The San Pedro Drive-In opened on June 6th, 1949 so in was not at all "old" when my dad would take us in 1953 and on. It had enough spaces for 831 vehicles. That's alot when you condider that if each vehicle had 4 people, and at intermission all of them go to the snack bar, you would find 3,324 people inside getting snacks. Even if only 10% go to the snack bar at the same time, we're talking about 332 people which is still alot.

As the photo shows, it had a distinctive painting on the back side of the screen and the name was illuminated by neon lights. It dipicts a hacienda "Don" or caballero on horseback waving to approaching ships which is representative of San Pedro's history as Rancho San Pedro.

It was located at the SE corner of North Gaffey Street and Westmont Drive and the map below shows what it looks like today.

The map below shows what it looked like in 1953 when I was 5 years old. I added the text onto the map for general info:

View of screen and snack bar.

I ride my bike past this area about 4 times per week and can't help but reminese about old days gone by. I don't know exactly when the Drive-In was demolished but it, along with that Friday Night Community environment, is long gone. Nothing will ever replace the Drive -In.......or maybe there is something. After all, all new ideas are variations and extensions of some pretty good old ideas.

My goodness, how things have changed!! 01

Parents replaced by 'Play Rangers'

The Mayor of Watford (Great Britan), Dorothy Thornhill, and her Council have just banned parents from watching their own children at two council play areas in the town.
She explains the decision to replace moms and dads with council-trained 'Play Rangers' with the following platitudinous excuse to her local paper:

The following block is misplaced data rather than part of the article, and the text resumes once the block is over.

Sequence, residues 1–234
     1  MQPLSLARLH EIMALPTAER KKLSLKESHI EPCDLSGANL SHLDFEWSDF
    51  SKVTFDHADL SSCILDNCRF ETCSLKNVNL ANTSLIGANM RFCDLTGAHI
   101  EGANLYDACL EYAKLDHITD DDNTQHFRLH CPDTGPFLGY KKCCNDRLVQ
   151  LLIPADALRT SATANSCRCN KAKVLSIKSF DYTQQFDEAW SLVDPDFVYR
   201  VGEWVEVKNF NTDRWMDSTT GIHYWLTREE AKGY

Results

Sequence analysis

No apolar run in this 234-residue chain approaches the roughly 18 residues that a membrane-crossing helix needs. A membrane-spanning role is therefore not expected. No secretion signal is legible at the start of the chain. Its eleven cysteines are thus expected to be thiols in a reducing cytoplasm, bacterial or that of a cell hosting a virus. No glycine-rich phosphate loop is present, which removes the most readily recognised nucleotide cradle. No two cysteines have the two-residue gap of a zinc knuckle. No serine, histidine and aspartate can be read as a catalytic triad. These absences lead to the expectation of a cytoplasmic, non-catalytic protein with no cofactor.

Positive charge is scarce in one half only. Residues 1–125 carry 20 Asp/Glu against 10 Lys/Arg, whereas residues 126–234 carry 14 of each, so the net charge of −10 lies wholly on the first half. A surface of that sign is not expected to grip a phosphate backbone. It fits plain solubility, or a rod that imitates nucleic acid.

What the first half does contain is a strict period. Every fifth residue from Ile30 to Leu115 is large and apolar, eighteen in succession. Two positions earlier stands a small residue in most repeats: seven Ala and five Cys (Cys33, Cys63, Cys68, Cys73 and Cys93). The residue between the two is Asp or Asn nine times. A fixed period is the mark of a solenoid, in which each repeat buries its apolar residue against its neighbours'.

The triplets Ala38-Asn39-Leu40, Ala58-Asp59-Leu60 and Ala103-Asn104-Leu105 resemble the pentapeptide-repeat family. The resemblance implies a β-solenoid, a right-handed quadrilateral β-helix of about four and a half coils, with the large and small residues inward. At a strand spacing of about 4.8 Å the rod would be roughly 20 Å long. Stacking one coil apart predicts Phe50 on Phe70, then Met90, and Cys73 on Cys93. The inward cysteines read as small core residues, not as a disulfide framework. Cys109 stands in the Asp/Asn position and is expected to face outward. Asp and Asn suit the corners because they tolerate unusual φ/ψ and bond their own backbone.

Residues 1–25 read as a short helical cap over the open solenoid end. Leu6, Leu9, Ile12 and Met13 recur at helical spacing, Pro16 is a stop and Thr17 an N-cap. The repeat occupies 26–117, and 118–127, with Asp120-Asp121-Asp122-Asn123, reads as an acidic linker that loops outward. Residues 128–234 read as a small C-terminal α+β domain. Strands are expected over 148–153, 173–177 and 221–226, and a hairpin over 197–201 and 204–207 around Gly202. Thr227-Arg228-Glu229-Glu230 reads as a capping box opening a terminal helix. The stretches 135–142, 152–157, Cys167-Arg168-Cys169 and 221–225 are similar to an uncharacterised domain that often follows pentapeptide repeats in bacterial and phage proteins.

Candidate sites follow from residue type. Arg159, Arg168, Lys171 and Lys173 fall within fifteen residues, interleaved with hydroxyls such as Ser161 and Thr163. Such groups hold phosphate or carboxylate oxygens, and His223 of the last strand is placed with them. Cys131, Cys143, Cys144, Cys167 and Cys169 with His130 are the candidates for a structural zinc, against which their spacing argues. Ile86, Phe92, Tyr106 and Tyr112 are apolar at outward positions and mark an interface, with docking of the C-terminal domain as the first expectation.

“Sadly, in today's climate, you can’t have adults walking around unchecked in a children’s playground.”
Nor, apparently, common sense in public office...
Last word to Mr Porter:
...parents' rights are being trampled on by this new atmosphere of fear and suspicion, brought about by the Independent Safeguarding Authority, a government that increasingly thinks it knows better than parents and local authorities that are keen to use any new power offered to them, however mad or tyrannical its application...
I myself can't imagine that anyone would stand for this. Granted, some parents (mom or dad) may be of the type that are not to be trusted but banning all parents from watching or playing with their kids is unacceptable to me. Rather than focus in on those who need a watchful eye, everyone not only gets "punished" but more importantly, get treated as though they are dangerous to their own kids. I suppose that this is a good example of the government assuming parental responsibilities. The idea of this really pisses me off.

Sunday, November 1, 2009

The War on Fathers - Whistle Blower Magazine

The evidence of this almost unthinkable scenario is everywhere:

SCHOOL: In public school classrooms across America, in every category and every demographic group, boys are falling behind. Girls excel and move on to college, where three out of five students are female, while young boys – who don't naturally thrive when forced to sit still at a desk for six hours a day – are diagnosed by the millions with new diseases that didn't exist a generation ago. To make their behavior more acceptable, they are compelled to take hazardous psycho-stimulant drugs like Ritalin.

Boys are more than 50 percent more likely to repeat elementary school grades than girls, a third more likely to drop out of high school and twice as likely to have a "learning disability." And the suicide rate among teen boys is far higher than that of girls.

"What we have done," explains Thomas Mortenson, senior scholar at the Pell Institute for the Study of Opportunity in Higher Education, "is we have a K-12 school system that seems to work relatively well for girls and does not work for a very large share of boys."

HOME: It's well known that roughly half of America's marriages end in divorce, but not nearly as well known that two out of three of those divorces are initiated by the wives. Moreover, America's family court system is scandalously biased in favor of the mother in child custody disputes. Fathers get custody of children in uncontested cases only 10 percent of the time and 15 percent of the time in contested cases. Meanwhile, mothers get sole custody 66 percent of the time in uncontested cases and 75 percent of the time in contested cases.

"Where you have minor children, there's really no such thing as no-fault divorce for fathers," says Detroit attorney Philip Holman, vice president of the National Congress for Fathers and Children. "On the practical level, fathers realize that divorce means they lose their kids."
Unfortunately, this loss by children of their fathers' influence is directly responsible – far more than any other cause – for the modern national scourges of gang life, crime and much more.